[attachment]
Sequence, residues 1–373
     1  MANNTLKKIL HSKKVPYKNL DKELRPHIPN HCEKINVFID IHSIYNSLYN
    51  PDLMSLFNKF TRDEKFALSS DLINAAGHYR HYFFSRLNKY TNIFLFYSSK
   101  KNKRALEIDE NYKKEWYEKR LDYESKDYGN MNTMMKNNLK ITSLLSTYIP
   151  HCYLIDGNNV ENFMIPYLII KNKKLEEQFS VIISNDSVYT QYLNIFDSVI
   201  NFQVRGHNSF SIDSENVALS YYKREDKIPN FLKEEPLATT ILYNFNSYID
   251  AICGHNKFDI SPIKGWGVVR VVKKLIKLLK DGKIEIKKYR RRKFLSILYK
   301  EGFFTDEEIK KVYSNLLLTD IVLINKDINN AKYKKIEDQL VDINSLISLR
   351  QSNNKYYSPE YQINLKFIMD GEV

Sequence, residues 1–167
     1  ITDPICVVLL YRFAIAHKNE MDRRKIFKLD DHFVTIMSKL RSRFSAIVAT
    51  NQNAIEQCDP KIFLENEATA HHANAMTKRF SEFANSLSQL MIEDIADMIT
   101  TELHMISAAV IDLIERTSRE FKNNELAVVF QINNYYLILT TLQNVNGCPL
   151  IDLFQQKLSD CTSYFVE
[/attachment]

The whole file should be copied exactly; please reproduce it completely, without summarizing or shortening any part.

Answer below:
Sequence, residues 1–373
     1  MANNTLKKIL HSKKVPYKNL DKELRPHIPN HCEKINVFID IHSIYNSLYN
    51  PDLMSLFNKF TRDEKFALSS DLINAAGHYR HYFFSRLNKY TNIFLFYSSK
   101  KNKRALEIDE NYKKEWYEKR LDYESKDYGN MNTMMKNNLK ITSLLSTYIP
   151  HCYLIDGNNV ENFMIPYLII KNKKLEEQFS VIISNDSVYT QYLNIFDSVI
   201  NFQVRGHNSF SIDSENVALS YYKREDKIPN FLKEEPLATT ILYNFNSYID
   251  AICGHNKFDI SPIKGWGVVR VVKKLIKLLK DGKIEIKKYR RRKFLSILYK
   301  EGFFTDEEIK KVYSNLLLTD IVLINKDINN AKYKKIEDQL VDINSLISLR
   351  QSNNKYYSPE YQINLKFIMD GEV

Sequence, residues 1–167
     1  ITDPICVVLL YRFAIAHKNE MDRRKIFKLD DHFVTIMSKL RSRFSAIVAT
    51  NQNAIEQCDP KIFLENEATA HHANAMTKRF SEFANSLSQL MIEDIADMIT
   101  TELHMISAAV IDLIERTSRE FKNNELAVVF QINNYYLILT TLQNVNGCPL
   151  IDLFQQKLSD CTSYFVE